Money was set aside for 160,000 contracts, but in May of this year only 21,000 had been applied for. Just over 2,000 of these had reached the full six month grant.
It was clear the Youth Contract had failed to deal with the huge problem of youth unemployment, with figures estimating that a third of unemployed youth had been unemployed for over 12 months. 15% had been unemployed for over 24 months, the worst rates since 1994.
Instead of releasing this news, the coalition held tight to the damning figures for months and refused to put them in the public domain. They buried and avoided the reaction to the failure of policy by simple refusal of release. Most likely, this extreme course of action was undertaken because of the sensitivity of the issue as well as the low figures. Long-term unemployment can have long-lasting and hugely damaging effects on young people. Many have warned of a ‘lost generation’as youth unemployment continues to top 1m. The World Health Organisation say that it is a health time bomb.
Still, it seems the Conservatives have adapted their plans for the next election; removing all benefits from the under 25s. How touching.
3. ATOS testing
ATOS testing has undoubtedly been one of the greatest disasters of the last few years, and yet the government have continued to ply the French Healthcare company with money and contracts reaching over £3bn worth in 2012.
ATOS won the £184m contract to be the sole provider of the Work Capability Assessments. Yet, the grounds on which this contract was won was fraudulent, as ATOS only went on to provide one seventh of the 740 promised testing centres. This meant sick and disabled people had to travel for miles to get to the centres and even these were sometimes inappropriate for certain conditions and disabilities.
The Department for Work and Pensions withheld this information for some time, until revealing it in response to a Freedom of Information Act lodged by the Disability News Service.
Unfortunately, the plight of ATOS testing did not stop there, as thousands of appeals, many upheld, were brought against ATOS decisions. Many sick and disabled people up and down the country were voicing the anxiety, humiliation and injustice they faced with the WCA.
An audit followed, which unsurprisingly returned some ugly results exposing an “unacceptable reduction” in the quality of ATOS reporting of disabled people’s eligibility for benefits – news that would surely harm the government’s decision to allow ATOS to continue administering tests.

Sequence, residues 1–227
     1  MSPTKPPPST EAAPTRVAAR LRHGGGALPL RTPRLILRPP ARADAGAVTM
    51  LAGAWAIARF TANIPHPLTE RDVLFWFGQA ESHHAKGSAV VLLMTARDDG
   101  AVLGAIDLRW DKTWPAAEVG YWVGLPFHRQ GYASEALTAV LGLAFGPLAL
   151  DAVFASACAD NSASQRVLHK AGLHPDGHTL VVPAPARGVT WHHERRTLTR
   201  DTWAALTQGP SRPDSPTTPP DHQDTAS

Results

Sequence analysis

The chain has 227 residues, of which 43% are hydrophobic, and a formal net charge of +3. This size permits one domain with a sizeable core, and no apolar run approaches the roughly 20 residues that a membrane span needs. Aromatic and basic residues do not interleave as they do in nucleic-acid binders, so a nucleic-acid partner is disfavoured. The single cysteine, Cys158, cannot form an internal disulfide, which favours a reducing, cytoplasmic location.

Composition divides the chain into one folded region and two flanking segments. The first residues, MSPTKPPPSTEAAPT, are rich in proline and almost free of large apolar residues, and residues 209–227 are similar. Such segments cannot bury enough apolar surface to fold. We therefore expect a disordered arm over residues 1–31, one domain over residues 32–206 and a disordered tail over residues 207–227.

And then came the news of the Royal Baby. As the Duchess of Cambridge went into Labour, the DWP released the report which called for supervision and training for all ATOS advisers. ATOS testing had clearly caused unnecessary and undue stress to thousands of sick and disabled people up and down the country at the taxpayer’s expense, and this report highlighted how untrained and unable staff were to make decisions on the support disabled people required.
But TV news and the papers were full of updates on the birth of a new Royal, and this provided the smokescreen to mask the ill treatment of our nation’s vulnerable. The DWP did respond to some who suggested they employed tactical news management, insisting they had made the news as “public as possible.”
The coalition have done a lot to avoid the redress for failing policy. In these examples alone, we are not given a true representation of the continuing youth unemployment problems, the treatment of the sick and disabled and all policies implemented by the coalition. We have a right to know what the government are doing, and whether it is working. Restriction of this information is harmful to the people in need of help from policy, government and society.
Still, it is clear these are well honed tactics, and they grow ever bolder in lies, as Cameron purports to grant us a transparent government with audits of work, yet all the while the role of spin doctors continue and grow to present us with a maturing PR stunt.
We can never have a government that will solve our social problems, whilst we have one that seeks to disguise them. A government obsessed with media manipulation, spin and PR is one that will never be obsessed with serving the public the truth.
by Kam Sandhu – @KamBass